Japanese market, Kohnan
The Japanese market is dominated by domestic retailers like, for example, the Kohnan chain.
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Japan - Home improvement and garden market

DIY joshi and eco-points

Female customers, ecology, ageing population: Major social trends influence the Japanese home improvement and garden market, according to an analysis by Euromonitor International
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The home improvement industry in Japan grew by one per cent in 2014 to reach almost JPY 831 bn (USD 7.8 bn). The major contributor was the last-minute demand surge prior to the VAT increase in April 2014. Many high-priced products - such as power tools - were purchased in the first quarter, and recorded stronger value growth than the overall category average.
Nevertheless, manufacturers and retailers struggled to maintain strong demand after that, which led to the sluggish growth. The majority of consumers in Japan prefer professional services when it comes to home-related projects, such as painting walls. This is largely because of the concerns about failure and potential danger caused by accidents while undertaking such work.
As everywhere else in the world, men are traditionally the main consumers of home improvement products. However, an increasing number of females are also taking up DIY as a hobby. As in many other mature markets, sluggish growth in this industry has led manufacturers and marketers to target women more directly. One of the reasons for the success of DIY among Japanese females (the DIY joshi or DIY women) is the desire for personalisation of furniture through such things as repainting existing furniture or creating small items like picture frames.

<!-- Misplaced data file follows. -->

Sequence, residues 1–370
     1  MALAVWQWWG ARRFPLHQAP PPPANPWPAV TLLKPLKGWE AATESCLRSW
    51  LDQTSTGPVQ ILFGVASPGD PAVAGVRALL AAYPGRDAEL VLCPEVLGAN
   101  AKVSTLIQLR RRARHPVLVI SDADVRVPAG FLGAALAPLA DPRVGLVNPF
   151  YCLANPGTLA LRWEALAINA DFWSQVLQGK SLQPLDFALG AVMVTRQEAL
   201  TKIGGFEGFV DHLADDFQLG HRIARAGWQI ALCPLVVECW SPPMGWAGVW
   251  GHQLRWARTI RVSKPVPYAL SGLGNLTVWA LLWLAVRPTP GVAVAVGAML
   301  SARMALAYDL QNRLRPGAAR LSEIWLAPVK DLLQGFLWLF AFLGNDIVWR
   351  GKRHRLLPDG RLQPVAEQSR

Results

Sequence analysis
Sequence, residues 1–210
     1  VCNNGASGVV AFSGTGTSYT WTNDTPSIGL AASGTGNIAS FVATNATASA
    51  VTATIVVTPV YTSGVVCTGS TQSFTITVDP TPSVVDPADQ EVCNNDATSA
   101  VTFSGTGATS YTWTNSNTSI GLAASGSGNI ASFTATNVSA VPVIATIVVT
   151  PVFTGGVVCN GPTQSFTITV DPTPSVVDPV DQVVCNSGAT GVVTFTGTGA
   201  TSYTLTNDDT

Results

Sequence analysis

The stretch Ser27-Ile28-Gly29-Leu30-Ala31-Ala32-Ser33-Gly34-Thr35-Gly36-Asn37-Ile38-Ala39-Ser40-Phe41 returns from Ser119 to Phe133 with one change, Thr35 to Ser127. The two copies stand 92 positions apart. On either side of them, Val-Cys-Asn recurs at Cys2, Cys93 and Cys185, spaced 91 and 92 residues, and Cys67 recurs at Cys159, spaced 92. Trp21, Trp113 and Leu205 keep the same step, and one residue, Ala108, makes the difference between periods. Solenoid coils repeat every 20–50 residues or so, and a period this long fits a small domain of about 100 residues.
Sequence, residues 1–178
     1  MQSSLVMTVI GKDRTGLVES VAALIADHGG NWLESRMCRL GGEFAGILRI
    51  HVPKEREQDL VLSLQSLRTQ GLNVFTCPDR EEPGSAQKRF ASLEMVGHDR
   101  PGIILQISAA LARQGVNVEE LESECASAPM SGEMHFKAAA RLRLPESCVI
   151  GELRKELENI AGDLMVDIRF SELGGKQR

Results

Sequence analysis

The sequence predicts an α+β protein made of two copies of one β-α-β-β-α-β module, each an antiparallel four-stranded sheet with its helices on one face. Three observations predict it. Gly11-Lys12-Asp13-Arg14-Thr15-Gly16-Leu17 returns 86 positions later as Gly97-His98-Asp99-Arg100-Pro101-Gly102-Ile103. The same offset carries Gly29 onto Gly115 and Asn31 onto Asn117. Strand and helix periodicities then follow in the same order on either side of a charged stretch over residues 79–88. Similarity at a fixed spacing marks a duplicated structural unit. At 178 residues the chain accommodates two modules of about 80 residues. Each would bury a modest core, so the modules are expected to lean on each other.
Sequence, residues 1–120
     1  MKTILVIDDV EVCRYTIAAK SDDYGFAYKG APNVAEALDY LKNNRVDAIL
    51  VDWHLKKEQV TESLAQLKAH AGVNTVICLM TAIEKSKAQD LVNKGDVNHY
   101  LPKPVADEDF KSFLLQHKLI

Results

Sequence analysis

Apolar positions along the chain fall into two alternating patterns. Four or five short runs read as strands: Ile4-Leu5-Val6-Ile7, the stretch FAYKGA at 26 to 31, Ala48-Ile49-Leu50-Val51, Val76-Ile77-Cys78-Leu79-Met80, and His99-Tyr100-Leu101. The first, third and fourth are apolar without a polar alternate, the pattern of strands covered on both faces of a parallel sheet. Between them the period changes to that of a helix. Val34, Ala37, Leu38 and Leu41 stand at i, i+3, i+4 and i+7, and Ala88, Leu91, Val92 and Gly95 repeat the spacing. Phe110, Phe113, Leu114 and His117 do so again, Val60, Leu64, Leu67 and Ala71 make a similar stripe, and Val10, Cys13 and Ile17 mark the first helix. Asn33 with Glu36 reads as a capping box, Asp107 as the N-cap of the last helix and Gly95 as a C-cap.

Manufacturers have responded to this new trend by launching "female-friendly" products: from lightweight tool lines to colourful tool boxes. At the same time, retailers have sought to reach out to them in a more direct manner, via workshops and tutorials in-store or online, such as those of Cainz Home, a leading retailer in Japan.
The Japanese government launched the first eco-point scheme in 2010. The system's aim was to encourage Japanese consumers to be more environmentally conscious by awarding eco-points for purchasing energy-efficient products, from appliances to water-saving toilets. The eco-points can then be redeemed for gift vouchers and other energy-efficient products.
The second programme was launched after the 2011 earthquake and tsunami, and the third in early 2015. The eco-point scheme has boosted replacement and upgraded demand for products such as power tools with lithium batteries. Although the eco-points schemes only run for a few months, the longer-term benefits of…
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